Sweet Tooth, the live-action adaptation of Jeff Lemire’s post-apocalyptic comic, has now arrived on Netflix and it’s a hit! Or at least that’s what producer Robert Downey Jr. ‘s overwhelmingly prevalent promoted tweet claims. I can recite “#SweetTooth is now certified fresh with a perfect 100% critics score. So incredibly proud of the whole @sweettooth team and can’t wait for you to see ‘the show of the summer.’ All episodes are now streaming on Netflix!” more readily than my own name at this point.
Still, it’s easy to see why Sweet Tooth found an audience on Netflix. The story of a gentle deer-boy hybrid named Gus and his quest to find his mother in a virus-ravaged world puts a refreshingly optimistic face on a well-worn post-apocalypse genre. Actor Christian Convery is a real find as Gus a.k.a. Sweet Tooth and the series eight episodes feel like an ‘80s Amblin Entertainment homage done right.
Sweet Tooth is so inherently sweet that audiences might not realize just how much it deviates from its comic inspiration. Lemire’s comic miniseries, published from 2009 through 2013 by DC’s Vertigo imprint, has many fans, including some big pop culture names. Actor Michael Sheen wrote the foreword for the series first collected trade paperback. TV writer Damon Lindelof (Watchmen, Lost) conducted an interview with Lemire for the end of the final book. The comic is also decidedly less sweet than the TV show it inspired.
Arriving in an era before apocalypse fatigue fully set in for pop culture, Sweet Tooth really leans into the Mad Max side of its “Bambi Meets Mad Max” elevator pitch. The book is quite dark and unflinching. That Netflix and series creator Jim Mickle decided to go in a brighter direction for the show is an interesting commentary on entertainment’s priorities at the moment. But what if Sweet Tooth the TV series decided to hew closer to its source material? Read on to see how the comic and the show differ.
It cannot be overstated just how much darker the Sweet Tooth comic is than the TV series. The show acknowledges that the post-apocalyptic world after “The Sick” would feature some inherent violence. In fact, the whole plot of the show involves hunters trying to kidnap a child and deliver him to the military to be ground up into medicine essentially. That’s obviously dark. But the show still does its best to avoid as much onscreen violence as possible.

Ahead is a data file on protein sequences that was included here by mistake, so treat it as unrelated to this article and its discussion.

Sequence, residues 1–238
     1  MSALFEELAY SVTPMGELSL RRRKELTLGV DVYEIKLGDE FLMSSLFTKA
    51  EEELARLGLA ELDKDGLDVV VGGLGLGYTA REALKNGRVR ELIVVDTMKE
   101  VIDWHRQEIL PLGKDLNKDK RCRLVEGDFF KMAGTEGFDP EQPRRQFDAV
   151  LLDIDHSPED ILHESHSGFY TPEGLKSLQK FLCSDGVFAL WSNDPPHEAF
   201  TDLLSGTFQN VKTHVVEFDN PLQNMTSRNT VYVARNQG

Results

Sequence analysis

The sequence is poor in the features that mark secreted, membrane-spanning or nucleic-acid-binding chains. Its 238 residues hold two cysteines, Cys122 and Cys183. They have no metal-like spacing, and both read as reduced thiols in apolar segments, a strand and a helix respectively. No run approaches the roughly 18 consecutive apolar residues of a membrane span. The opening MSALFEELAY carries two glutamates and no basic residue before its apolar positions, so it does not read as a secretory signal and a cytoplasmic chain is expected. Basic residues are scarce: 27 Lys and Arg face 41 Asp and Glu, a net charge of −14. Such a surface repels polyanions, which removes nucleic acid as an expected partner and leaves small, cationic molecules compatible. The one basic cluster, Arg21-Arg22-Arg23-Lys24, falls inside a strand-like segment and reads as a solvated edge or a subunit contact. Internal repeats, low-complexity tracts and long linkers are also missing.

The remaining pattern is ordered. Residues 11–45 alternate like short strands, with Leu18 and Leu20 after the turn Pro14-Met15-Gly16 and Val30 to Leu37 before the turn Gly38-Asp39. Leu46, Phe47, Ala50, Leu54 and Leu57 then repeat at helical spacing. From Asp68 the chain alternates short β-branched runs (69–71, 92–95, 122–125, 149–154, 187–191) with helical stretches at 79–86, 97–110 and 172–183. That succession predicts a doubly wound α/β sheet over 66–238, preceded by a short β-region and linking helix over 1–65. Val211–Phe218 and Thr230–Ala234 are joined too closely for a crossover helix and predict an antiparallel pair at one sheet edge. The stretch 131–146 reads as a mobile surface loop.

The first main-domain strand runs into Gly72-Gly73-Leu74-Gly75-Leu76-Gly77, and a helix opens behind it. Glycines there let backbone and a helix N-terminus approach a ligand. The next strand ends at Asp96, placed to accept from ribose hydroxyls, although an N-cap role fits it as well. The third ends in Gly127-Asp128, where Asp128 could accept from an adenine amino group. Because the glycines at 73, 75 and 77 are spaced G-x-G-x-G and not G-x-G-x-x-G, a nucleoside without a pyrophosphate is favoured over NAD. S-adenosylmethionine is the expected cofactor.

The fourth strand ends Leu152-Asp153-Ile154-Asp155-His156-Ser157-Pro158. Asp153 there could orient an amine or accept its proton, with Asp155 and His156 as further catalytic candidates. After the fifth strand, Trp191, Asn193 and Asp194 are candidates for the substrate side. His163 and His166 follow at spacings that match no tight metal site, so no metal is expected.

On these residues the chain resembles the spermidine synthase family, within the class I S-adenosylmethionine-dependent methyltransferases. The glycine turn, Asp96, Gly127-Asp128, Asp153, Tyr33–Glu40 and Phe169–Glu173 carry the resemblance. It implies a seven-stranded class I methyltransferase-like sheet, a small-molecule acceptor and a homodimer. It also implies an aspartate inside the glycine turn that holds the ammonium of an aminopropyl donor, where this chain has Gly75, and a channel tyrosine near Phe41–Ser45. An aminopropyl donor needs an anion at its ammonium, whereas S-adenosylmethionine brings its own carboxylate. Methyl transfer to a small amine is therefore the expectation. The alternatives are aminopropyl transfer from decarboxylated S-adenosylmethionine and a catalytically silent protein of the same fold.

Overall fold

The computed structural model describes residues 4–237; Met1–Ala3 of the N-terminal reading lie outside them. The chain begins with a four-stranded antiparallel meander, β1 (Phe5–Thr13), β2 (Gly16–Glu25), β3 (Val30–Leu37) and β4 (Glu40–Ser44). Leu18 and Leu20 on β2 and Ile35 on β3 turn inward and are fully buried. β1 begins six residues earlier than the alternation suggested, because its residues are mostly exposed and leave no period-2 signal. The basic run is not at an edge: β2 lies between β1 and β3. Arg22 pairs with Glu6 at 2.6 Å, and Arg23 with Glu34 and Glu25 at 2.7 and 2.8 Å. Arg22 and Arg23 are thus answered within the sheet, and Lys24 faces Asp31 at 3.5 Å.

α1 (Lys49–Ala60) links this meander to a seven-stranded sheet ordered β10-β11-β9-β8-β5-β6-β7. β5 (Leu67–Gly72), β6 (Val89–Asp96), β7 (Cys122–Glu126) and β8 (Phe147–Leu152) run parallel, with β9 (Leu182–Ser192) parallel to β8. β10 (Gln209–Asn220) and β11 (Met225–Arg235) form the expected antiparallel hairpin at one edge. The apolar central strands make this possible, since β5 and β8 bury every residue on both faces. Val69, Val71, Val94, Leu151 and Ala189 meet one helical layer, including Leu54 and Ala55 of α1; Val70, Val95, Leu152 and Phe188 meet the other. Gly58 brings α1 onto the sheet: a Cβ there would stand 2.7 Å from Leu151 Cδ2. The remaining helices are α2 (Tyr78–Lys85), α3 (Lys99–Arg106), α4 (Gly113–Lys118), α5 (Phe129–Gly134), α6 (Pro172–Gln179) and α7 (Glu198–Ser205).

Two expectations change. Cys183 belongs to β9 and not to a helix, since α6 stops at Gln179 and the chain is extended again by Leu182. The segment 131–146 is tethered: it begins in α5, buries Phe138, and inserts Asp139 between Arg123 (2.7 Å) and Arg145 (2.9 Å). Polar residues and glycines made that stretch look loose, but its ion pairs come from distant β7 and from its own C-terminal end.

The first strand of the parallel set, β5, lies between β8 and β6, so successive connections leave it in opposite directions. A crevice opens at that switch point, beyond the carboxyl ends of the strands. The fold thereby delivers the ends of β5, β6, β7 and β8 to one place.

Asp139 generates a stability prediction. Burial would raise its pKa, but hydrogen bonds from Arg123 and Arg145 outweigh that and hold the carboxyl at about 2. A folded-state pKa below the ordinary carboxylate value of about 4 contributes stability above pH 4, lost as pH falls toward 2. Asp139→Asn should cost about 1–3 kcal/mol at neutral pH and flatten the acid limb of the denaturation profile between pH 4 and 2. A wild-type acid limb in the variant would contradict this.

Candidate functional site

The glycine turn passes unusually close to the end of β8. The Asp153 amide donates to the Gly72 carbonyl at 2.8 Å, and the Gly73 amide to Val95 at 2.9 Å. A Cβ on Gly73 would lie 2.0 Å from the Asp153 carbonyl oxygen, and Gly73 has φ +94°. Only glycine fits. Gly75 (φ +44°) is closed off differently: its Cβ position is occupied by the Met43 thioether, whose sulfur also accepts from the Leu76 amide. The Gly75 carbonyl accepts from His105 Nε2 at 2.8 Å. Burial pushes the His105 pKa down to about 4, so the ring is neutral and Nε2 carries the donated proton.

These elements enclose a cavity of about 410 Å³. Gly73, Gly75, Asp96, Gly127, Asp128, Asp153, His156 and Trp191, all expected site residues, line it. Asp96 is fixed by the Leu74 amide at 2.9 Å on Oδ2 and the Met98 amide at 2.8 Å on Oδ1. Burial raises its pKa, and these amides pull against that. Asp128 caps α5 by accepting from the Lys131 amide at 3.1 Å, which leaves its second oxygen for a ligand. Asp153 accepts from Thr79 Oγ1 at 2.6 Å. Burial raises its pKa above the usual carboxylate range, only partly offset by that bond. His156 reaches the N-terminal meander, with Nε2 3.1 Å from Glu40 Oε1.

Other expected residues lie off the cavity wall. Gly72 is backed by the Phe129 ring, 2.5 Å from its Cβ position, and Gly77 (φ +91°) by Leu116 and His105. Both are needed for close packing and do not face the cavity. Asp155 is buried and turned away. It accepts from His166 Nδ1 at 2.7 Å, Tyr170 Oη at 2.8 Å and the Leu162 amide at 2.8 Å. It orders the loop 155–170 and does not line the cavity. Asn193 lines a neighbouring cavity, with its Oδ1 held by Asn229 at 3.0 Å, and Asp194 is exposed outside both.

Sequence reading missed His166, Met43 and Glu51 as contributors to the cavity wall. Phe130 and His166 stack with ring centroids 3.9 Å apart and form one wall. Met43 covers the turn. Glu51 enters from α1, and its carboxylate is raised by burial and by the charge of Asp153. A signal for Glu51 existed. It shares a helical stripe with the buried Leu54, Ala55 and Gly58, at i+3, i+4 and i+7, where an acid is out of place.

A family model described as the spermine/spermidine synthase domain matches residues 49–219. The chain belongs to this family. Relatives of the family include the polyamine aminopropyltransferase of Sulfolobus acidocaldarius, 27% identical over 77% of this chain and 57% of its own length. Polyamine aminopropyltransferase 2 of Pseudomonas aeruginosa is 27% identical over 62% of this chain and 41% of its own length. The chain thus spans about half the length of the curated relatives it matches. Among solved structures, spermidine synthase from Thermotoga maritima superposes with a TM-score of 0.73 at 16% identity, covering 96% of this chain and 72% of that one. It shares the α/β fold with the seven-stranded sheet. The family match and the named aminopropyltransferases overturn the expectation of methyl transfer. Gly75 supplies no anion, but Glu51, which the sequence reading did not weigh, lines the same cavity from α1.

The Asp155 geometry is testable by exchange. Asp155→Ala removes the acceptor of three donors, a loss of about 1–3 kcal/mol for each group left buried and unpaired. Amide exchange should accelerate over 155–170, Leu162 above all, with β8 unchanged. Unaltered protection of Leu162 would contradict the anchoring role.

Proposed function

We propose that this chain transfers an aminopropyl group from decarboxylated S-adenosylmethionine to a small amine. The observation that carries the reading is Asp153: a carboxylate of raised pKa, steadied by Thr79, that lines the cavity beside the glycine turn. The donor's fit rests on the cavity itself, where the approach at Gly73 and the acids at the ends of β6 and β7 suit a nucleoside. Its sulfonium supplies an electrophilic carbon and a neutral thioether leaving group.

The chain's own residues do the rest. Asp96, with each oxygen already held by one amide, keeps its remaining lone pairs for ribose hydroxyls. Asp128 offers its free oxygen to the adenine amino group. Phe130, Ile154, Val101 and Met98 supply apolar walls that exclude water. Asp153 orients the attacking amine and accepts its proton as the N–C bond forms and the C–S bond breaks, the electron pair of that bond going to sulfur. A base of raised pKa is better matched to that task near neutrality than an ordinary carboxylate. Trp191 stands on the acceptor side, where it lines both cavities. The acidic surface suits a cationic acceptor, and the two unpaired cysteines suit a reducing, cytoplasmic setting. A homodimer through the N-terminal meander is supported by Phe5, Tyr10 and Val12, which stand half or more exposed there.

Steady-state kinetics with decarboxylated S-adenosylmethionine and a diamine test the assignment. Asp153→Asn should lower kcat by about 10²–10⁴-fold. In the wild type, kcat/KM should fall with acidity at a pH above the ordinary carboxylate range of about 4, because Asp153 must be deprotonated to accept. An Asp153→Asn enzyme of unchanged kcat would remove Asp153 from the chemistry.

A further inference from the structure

When the Big Man or another character rescues Gus from hunters, he does so in a largely bloodless fashion. Even when Big Man takes a bear trap to a poacher’s head, audiences are spared the grisly sights and sounds of it. Readers of the Sweet Tooth comic, however, are spared nothing. The pages of Lemire’s work are positively drenched in blood. Midway through the story, Gus is even forced to beat a fellow hybrid’s brains in with a brick. He says he feels bad about it, but not that bad.
The comic also delves into the realm of sexual violence as many post-apocalyptic stories have felt compelled to do before. Early on in the proceedings Big Man and Gus come across a town where a family captures women and forces them into prostitution. When Big Man rescues two women, they become permanent fixtures of their party. These characters, Lucy and Becky, do not appear in the TV show (though one character does borrow her name from one).
If all the violence didn’t already make it apparent, the Sweet Tooth comic is particularly misanthropic. Nearly all of the human characters in the comic are monsters. Even Gus’s beloved Big Man Jepperd is useful because he’s a monster. Jepperd never loses sight of what makes him useful in this world, which is killing. He only becomes a hero when he applies that skill to those who deserve it. Throughout the series run, the comic continually intimates that perhaps planet Earth would be better off without all these humans anyway.